WooCommerce E-Commerce Review for Bloggers: Is it right for you?
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Want to launch an online store? There’s an overwhelming number of e-commerce tools and platforms out there. How can you make a good choice?
Fortunately for WordPress users, the choice is simple: WooCommerce. It’s consistently rated one of the best e-commerce platforms. And it leads all competitors with the greatest market share in the industry.
It’s also simple to use: in fact, it’s a WordPress plugin.
In this article, we will take a closer look at WooCommerce to see what it can do for you so that you can make an informed choice as to whether it is the best option for you or not.
- What is WooCommerce?
- Overview of WooCommerce
- Features: What Makes WooCommerce Special?
- WooCommerce Pricing, Plans, & Plugins
- How Easy Is WooCommerce to Use for Bloggers?
- Customer Service and Technical Support
- Should You Choose WooCommerce for Your Blog?
- Growing Your Business with WooCommerce
- Hosting (and Extras) for Optimal WooCommerce Performance
- Pros and Cons of WooCommerce
What is WooCommerce?
WooCommerce won’t help you make a standalone site. If you have a WordPress site already, you simply add the WooCommerce plugin in order to obtain all its e-commerce benefits.
Unlike turnkey solutions, WooCommerce enables you to turn an existing site or blog into an online store where you can sell physical products, digital downloads, or business services.
The plugin’s current developer is Automattic, the same company behind WordPress.
Overview of WooCommerce
If you opt for WooCommerce, what can you expect? Here’s a brief list:
- Built on WordPress, so if you’re familiar with WordPress, you’re familiar with WooCommerce
- Ability to use all of your existing plugins and even the WordPress command-line interface to manage your store
- Comes with everything you need to launch an online store, including product pages (with ratings and reviews), inventory and order management, unlimited image displays, payment processing, and tax and shipping calculators
- Sell both digital and physical products
- Open source, so you can contribute to the project (or change its source code, if that’s your cup of tea)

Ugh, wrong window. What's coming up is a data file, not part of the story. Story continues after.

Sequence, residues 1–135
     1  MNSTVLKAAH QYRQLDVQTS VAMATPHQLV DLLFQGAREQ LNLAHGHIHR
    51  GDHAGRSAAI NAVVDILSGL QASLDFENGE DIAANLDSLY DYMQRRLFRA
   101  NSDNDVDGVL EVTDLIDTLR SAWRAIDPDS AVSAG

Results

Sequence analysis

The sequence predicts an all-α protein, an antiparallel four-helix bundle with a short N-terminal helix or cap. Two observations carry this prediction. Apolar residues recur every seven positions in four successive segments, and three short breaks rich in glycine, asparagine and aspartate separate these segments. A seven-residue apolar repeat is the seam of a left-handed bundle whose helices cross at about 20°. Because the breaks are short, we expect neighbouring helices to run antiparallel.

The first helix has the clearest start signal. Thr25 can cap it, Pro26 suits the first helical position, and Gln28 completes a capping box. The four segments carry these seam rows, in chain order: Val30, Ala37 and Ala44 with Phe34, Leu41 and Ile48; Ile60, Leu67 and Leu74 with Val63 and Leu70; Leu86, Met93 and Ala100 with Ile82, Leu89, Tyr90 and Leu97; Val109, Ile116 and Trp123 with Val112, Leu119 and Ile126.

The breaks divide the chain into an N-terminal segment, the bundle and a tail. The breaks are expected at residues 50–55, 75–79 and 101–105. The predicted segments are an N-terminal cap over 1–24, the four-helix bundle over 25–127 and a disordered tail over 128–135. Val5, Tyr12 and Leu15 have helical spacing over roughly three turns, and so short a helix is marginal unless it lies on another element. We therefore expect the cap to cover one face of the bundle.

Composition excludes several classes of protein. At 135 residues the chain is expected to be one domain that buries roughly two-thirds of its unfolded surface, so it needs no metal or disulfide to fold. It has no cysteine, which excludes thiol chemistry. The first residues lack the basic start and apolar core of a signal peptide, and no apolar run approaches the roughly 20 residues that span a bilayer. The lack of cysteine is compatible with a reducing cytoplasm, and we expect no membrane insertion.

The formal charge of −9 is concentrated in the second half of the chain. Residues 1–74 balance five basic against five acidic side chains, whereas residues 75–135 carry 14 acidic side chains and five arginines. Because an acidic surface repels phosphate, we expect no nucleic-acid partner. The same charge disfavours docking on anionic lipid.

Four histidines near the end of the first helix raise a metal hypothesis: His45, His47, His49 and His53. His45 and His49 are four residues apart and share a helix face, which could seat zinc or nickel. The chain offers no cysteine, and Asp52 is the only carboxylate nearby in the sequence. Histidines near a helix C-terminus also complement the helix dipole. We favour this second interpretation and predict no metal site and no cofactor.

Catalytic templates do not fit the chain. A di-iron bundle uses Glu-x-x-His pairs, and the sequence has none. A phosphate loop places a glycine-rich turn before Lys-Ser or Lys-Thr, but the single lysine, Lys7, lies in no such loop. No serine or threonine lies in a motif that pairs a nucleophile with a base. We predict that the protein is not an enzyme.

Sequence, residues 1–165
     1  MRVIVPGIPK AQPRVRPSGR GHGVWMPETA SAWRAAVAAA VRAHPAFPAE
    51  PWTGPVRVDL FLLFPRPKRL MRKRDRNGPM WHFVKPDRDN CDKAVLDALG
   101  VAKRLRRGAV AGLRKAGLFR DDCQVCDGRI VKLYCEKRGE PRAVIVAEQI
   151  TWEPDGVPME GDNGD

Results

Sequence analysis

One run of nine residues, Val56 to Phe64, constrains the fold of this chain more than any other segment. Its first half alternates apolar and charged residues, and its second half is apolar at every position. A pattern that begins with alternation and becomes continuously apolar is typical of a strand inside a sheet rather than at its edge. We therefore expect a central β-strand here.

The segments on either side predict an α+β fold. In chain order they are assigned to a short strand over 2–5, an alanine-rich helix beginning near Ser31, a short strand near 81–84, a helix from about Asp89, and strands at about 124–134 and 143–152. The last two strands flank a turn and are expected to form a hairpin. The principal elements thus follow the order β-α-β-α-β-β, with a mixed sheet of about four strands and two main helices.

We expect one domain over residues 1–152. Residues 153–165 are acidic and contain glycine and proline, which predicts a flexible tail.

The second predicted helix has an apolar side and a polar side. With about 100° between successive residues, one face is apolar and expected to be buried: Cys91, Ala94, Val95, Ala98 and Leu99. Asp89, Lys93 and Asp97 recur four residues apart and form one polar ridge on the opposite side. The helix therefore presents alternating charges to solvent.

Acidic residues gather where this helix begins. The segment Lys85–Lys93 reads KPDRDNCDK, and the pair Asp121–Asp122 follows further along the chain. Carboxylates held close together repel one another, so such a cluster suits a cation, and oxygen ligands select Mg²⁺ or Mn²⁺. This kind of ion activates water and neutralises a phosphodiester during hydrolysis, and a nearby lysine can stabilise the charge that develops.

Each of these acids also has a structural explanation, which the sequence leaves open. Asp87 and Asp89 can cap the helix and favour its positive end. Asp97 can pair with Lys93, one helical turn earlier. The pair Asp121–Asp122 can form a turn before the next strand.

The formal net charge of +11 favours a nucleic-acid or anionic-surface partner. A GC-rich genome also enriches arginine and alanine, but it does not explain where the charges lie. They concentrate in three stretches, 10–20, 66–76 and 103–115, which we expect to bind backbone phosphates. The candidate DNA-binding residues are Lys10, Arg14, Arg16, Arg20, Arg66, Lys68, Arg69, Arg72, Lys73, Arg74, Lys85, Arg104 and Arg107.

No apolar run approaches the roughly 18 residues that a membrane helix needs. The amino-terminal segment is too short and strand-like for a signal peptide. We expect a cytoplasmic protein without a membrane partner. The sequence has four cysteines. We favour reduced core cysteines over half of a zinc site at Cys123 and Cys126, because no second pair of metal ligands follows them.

- Over 400 official extensions available to you so you can add additional features in the areas of payments, shipping, accounting, and marketing
- Ships with countless themes, which you can customize as much (or as little) as you’d like
- Search engine optimization features to make sure people can find your store when they search
- Easy implementation of coupons and discounts
- One-click refunds
- Reporting and data analytics features
Features: What Makes WooCommerce Special?
Let’s take a look at the selling power that WooCommerce can add to your site or blog.
How Does WooCommerce Work?
WooCommerce, the base plugin, is open-source and free. It takes care of the basic e-commerce tasks: adding products, product pages, a checkout process, and so forth. But you can extend the basic plugin’s functionality with several free and premium extensions and additional plugins that are made specifically to work with WooCommerce.
Sell Physical or Digital Products or Services
Importantly for bloggers, WooCommerce can handle selling both physical and digital products.
Not only that, but with WooCommerce you can give buyers instant access to their purchased digital goods, and you can create multiple variants (such as size, color) and configurations for your products.
Themes and Appearance
Since WooCommerce is just a plugin, not a site-builder itself, WooCommerce won’t have any impact on your site’s styles or overall design and appearance. For that, you’ll need to tweak your WordPress theme.
Want to change how your storefront looks? Fortunately, there are lots of free and premium themes available built specifically to work well with WooCommerce.
One of those themes is offered by WooCommerce itself: Storefront. It’s free, and integrates tightly with the core WooCommerce code to optimize your site’s performance.
Storefront is the official theme that covers all of the basics. There are also “flavors” of Storefront that offer a unique appearance.
If you’re interested in something other than Storefront, there are countless options available to you. In addition to the default WordPress themes, you can use options designed by third-parties. Everything is available for you to customize, so tweak as much as you’d like!
With more and more people shopping from their mobile devices, such as smartphones or tablets, it’s important that you provide a pleasant shopping experience for all potential customers (regardless of the device they are using).
Many of the themes available for use with WooCommerce are responsive by default, but not all are. Be sure to check that yours is (generally, we don’t recommend ever choosing a theme that is not responsive).
Shipping Options and Calculators
Basic shipping options for the plugin include most standard configurations, including free, flat rate, and calculated options.
You can also set geographic limitations on your shipping availability, and you can pick and choose the vendors you want to offer to your customers.
Interested in drop shipping?
While WooCommerce doesn’t come with dropshipping features built-in, there is an official WooCommerce extension you can purchase that allows you to add the needed features to your website.
With this extension, you can have notifications automatically sent to your vendors whenever your customers complete their purchase.